The Parkite's Guide To Surviving The Writing Competency Test
- Read the material in advance. Highlight significant passages from the readings and take notes in the margins so that you can find material quickly during the exam.
- Prewrite to get ideas for your essay. Find out what the readings say to you. What meaning do you make from the readings? Brainstorm, ask questions, freewrite, etc. to come up with ideas about the topic.
- Develop a working thesis. (FOCUS) The thesis is a sentence which states the main point of your essay. It is more than a topic: it tells what point you are making about the topic. A working thesis may change somewhat once you have the essay planned.
- Prove your point. (DEVELOPMENT) Once you have a thesis, come up with at least three main ideas to prove your thesis. (Your prewriting should be helpful in providing these ideas.) Each major point should be supported by at least three details. Some details should come from the readings while others should be based on your own thinking.
- Organize the essay. (ORGANIZATION) The essay should include three sections: an introduction, body, and conclusion. Your thesis statement should appear clearly in the introduction. The body of the paper is made up of the information you use to prove your thesis (See IV above). The conclusion should restate your thesis in slightly different language. An outline might help you organize your thoughts.
- Write a draft. While you cannot take a completed draft into the exam, you may find it helpful to practice writing the essay in advance. Time yourself so that you get a feel for the amount of time available. Do not try to memorize the draft. You will only panic if you cannot remember what you wrote and cause yourself needless anxiety and wasted time. A prewritten draft should help you with organization and development and give you a sense of what you can accomplish in a limited amount of time.
- Determine correct citation for the sources which you intend to use. Include
all significant information: author and/or editor, title, place of publication,
publisher, date, and page numbers. Exact information will vary according to the
type of material used, but remember that the point of citation is to direct your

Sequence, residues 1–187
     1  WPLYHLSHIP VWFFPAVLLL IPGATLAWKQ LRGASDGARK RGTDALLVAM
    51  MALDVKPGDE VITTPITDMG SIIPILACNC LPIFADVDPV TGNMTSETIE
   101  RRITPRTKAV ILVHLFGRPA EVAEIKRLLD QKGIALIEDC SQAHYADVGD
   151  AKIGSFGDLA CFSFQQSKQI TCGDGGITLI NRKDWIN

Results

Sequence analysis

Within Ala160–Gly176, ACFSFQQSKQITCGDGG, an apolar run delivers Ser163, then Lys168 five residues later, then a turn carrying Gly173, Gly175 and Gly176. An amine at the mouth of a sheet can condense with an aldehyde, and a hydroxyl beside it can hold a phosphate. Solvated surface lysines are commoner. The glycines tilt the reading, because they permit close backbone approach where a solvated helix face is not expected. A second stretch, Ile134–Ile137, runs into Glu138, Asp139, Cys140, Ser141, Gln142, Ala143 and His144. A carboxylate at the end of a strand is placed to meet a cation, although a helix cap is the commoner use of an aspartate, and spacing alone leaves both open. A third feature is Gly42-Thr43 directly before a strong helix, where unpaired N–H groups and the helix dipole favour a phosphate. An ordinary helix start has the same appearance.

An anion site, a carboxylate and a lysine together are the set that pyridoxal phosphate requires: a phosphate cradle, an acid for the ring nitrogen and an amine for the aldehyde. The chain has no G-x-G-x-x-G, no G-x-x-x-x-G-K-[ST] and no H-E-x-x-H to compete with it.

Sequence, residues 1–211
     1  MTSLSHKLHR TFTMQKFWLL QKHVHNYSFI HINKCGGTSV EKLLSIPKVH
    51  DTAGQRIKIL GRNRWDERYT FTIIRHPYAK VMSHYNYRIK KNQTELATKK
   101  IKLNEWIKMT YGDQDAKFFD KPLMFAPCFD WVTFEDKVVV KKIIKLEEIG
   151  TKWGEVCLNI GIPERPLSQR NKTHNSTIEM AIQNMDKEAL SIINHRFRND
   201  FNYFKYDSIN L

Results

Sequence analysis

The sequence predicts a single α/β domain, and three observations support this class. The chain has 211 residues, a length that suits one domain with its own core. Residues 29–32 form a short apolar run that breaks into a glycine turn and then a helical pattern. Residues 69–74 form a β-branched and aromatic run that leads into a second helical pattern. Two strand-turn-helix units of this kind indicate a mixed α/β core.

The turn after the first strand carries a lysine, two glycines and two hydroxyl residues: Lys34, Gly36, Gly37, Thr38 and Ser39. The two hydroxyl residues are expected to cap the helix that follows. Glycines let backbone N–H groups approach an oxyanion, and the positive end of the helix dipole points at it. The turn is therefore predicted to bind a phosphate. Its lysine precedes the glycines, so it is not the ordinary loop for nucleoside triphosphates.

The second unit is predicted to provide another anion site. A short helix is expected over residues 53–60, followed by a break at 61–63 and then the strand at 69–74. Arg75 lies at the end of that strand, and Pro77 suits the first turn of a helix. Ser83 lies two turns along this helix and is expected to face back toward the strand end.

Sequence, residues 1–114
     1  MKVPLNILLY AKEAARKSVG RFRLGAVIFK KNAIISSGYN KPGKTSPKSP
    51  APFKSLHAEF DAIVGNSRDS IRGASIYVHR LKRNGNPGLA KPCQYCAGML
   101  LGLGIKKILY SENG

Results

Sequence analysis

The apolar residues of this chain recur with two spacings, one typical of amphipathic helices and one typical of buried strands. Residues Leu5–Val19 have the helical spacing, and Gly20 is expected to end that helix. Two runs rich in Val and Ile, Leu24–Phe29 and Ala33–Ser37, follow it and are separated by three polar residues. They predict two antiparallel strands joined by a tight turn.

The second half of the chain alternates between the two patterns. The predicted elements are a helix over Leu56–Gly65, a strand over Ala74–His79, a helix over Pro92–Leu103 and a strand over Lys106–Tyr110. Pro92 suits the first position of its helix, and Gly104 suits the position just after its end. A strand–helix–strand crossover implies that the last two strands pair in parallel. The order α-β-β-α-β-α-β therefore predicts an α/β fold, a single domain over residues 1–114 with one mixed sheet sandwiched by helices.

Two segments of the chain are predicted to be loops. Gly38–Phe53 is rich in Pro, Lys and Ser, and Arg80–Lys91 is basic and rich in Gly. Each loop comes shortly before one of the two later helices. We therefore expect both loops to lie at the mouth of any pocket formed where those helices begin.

reader back to the source of the information. What would a reader need to know
to go to the library and find your source? It is acceptable to handwrite your
Works Cited list on a blank page in your packet to take into the testing room
with you. Remember to copy it into your blue book! Blue books with Works
Cited lists stapled into the blue book, whether handwritten or typed, will
disqualify your essay from being scored!
**Adequate preparation is the greatest key to success in the Writing Competency Test. The more preparation you do in advance the more time you can concentrate on actual writing during the test. If you are well-prepared, you will also feel more self-confident and will be less likely to panic during the test.
Taking The Test
- Arrive early enough select a seat where you feel comfortable and to avoid being rushed. Having sufficient time will help prevent anxiety.
- Read the instructions carefully. Keep in mind the criteria for grading. You may wish to circle key words in the instructions to help yourself remember them.
- Stay focused on the task at hand. Leave your personal problems outside the door. If you become distracted, you will waste valuable time and mental energy.
- Budget your time wisely.
- Spend a few minutes going over the outline you have written in your packet. Give yourself a few minutes to collect your thoughts before you begin writing.
- Write the essay. The bulk of your time should be spent writing the essay. Remember to maintain a clear focus based on your thesis and prove your point with at least three main ideas and accompanying details. Focus, clarity and organization are far more important in the WCT than length, so concentrate on quality not quantity.
There are two options for drafting the essay:
1. Write a fast draft, edit the draft, and recopy it.
2. Write a careful draft, edit it, and make legible revisions.
Practice good handwriting when recopying or writing the careful draft. Not only is it easier for graders to read, you are less likely make errors or leave out important words and ideas if you slow down enough to write neatly.
- Whichever drafting option you choose, you should spend 15-20 minutes editing your paper. Check grammar, spelling, and clarity of language.
- Cite your sources. All borrowed material must be credited to the author whether you quote it directly or not. Remember to cite sources within the paper, and don't forget your Works Cited list on a separate page at the end of the essay.
Handling Test Anxiety
If you feel anxious or panicky while taking the WCT, try the following steps:
- Close your eyes.
- Take a long, deep breath.
- Concentrate on your breathing.
- Press your feet hard against the floor and count to five.
- Return to concentrating on your essay.
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